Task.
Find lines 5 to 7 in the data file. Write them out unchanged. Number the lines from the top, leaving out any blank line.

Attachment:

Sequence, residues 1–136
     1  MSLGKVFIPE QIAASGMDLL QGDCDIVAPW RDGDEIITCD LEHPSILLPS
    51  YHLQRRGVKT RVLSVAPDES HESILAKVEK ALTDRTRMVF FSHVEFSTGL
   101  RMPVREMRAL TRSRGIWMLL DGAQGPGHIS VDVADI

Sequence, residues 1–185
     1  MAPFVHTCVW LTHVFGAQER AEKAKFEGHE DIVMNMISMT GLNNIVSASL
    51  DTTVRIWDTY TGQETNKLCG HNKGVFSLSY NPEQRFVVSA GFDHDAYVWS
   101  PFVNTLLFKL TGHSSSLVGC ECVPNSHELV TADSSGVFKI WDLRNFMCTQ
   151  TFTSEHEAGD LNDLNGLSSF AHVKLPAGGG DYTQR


Sequence, residues 1–185
     1  MAPFVHTCVW LTHVFGAQER AEKAKFEGHE DIVMNMISMT GLNNIVSASL
    51  DTTVRIWDTY TGQETNKLCG HNKGVFSLSY NPEQRFVVSA GFDHDAYVWS